In the present-day, many of our doctors are women. However, that has not always been the case. Elizabeth Blackwell was the first recognized woman doctor. Though she had to face the doubt of the public and the opposition of other doctors, she eventually succeeded. Elizabeth Blackwell's accomplishments paved the way for future women doctors, as well as relieved women of their fear of male doctors.
Elizabeth Blackwell was born in Bristol, England on February 3, 1821, to Hannah and Samuel Blackwell (Steinbach). She was the fourth of nine children. She and her sisters had the same schooling their brothers did, by a private tutor; though it was highly unusual at the time. According to the highly esteemed Noah Webster, a women's education should only teach her to be, "correct in their manners, respectable in their families, and agreeable in society." He also said that, "Education is always wrong which raises a woman above the duties of her station" (Edwards). These statements reflected the world's beliefs when it came to women, and obviously shows favor to men. After Samuel Blackwell's sugar refining business collapsed, he decided to move his family to America. They lived first in New York, then New Jersey, and finally Cincinnati, where Samuel died in 1838 (Lewis).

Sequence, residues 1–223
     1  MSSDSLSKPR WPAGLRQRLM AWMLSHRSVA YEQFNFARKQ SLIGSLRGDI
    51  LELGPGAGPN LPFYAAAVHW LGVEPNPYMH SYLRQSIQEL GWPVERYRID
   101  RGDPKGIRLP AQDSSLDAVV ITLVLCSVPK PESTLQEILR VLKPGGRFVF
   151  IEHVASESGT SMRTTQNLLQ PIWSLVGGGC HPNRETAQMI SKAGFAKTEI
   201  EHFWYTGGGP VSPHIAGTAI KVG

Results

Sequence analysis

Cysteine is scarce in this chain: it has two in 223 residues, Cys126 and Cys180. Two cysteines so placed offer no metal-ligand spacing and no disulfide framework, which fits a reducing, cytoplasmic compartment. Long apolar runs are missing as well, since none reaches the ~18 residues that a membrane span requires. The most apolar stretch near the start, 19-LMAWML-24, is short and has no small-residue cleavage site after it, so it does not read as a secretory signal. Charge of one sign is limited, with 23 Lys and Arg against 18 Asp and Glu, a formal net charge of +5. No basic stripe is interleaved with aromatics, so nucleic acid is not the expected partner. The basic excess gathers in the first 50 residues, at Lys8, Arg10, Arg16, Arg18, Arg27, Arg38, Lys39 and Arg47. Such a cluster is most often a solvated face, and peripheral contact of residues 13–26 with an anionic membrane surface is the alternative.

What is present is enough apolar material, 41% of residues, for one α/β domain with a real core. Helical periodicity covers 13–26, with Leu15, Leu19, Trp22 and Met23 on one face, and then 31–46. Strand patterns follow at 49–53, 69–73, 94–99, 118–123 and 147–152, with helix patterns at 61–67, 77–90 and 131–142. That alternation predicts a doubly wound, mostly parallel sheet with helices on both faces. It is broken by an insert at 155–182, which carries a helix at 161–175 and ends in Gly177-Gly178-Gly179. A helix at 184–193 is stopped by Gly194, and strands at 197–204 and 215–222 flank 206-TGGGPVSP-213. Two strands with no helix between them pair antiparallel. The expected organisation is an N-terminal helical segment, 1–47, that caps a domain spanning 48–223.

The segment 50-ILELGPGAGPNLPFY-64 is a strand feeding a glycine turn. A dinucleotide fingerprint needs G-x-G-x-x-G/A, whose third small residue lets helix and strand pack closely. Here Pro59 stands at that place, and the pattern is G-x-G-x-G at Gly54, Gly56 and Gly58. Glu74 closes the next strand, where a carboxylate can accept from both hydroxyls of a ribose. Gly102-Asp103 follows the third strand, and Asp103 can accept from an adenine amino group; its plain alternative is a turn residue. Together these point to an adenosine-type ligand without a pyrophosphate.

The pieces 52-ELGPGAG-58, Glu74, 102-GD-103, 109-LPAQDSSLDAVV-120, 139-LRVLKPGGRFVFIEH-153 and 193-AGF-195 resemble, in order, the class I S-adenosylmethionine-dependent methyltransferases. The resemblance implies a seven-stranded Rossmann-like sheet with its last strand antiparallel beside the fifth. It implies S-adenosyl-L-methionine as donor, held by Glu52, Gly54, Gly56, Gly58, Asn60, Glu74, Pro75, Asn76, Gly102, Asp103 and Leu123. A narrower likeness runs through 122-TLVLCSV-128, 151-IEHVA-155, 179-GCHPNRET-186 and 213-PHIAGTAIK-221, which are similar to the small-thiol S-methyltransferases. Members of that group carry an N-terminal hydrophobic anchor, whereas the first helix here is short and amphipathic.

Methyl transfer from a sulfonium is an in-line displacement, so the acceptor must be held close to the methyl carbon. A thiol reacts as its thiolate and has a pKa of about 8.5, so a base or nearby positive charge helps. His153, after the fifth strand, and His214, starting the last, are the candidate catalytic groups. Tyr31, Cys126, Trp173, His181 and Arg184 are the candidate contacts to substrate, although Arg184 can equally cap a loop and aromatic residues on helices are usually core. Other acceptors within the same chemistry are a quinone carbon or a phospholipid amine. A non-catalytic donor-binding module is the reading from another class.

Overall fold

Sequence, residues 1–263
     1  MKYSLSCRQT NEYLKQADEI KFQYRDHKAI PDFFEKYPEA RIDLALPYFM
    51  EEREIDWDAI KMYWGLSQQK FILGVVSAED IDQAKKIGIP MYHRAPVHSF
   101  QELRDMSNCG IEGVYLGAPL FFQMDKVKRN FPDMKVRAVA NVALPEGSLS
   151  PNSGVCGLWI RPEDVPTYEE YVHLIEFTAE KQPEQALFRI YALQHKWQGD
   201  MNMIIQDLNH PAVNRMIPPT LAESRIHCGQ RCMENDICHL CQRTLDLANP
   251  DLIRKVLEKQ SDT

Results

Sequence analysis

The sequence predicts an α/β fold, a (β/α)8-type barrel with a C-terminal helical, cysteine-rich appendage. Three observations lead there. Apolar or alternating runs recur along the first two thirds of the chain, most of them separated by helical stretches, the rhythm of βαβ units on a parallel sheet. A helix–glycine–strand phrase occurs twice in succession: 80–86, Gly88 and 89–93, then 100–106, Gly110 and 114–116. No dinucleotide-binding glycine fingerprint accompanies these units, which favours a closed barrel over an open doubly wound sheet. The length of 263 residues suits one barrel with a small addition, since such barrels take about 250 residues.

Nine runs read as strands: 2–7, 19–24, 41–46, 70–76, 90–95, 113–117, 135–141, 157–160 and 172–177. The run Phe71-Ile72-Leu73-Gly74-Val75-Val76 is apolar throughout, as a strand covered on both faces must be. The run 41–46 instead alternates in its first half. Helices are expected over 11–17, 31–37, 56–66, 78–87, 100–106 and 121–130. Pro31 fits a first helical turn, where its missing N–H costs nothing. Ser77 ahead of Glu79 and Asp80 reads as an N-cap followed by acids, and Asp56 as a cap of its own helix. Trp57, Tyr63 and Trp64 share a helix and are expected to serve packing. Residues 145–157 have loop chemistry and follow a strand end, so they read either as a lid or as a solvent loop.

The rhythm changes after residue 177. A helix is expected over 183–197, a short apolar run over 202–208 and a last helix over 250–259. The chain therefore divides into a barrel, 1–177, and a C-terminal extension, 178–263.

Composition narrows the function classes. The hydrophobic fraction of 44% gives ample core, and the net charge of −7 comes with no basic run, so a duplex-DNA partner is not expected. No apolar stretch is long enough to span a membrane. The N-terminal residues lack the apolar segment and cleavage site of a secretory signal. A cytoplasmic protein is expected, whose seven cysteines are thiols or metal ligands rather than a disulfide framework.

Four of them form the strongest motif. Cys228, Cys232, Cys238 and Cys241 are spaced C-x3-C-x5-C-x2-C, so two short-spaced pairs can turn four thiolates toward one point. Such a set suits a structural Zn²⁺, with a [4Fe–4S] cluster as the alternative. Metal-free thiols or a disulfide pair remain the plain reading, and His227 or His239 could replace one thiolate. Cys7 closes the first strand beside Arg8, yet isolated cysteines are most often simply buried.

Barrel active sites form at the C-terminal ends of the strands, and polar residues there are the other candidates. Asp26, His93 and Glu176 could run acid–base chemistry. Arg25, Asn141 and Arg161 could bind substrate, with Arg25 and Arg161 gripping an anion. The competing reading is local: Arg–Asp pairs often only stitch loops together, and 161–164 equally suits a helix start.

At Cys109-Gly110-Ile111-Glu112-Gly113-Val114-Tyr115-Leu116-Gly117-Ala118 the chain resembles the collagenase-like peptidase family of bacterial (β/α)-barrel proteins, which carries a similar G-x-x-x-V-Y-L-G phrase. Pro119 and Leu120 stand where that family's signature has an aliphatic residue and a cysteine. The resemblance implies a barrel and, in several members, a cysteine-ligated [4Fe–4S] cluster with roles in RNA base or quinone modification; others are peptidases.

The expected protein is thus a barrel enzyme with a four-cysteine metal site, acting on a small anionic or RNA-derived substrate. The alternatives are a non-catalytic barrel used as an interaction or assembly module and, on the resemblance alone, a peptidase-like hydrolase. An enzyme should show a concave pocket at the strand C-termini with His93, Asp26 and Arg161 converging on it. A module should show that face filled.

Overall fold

In 1844, Elizabeth visited a family friend who was dying of cancer. The friend told Elizabeth of how uncomfortable she felt being treated by male doctors. When Elizabeth left, she was convinced that women would be more comfortable being treated by women doctors, and she decided to pursue medicine. She privately studied with Drs. John and Samuel Dickson for several years, until she felt that she was ready to apply to medical schools. She was denied by sixteen colleges before she was finally accepted into Geneva College of New York. She was not accepted for her capability, rather, but as a joke. The faculty of Geneva asked the students to vote on whether or not Elizabeth should be...
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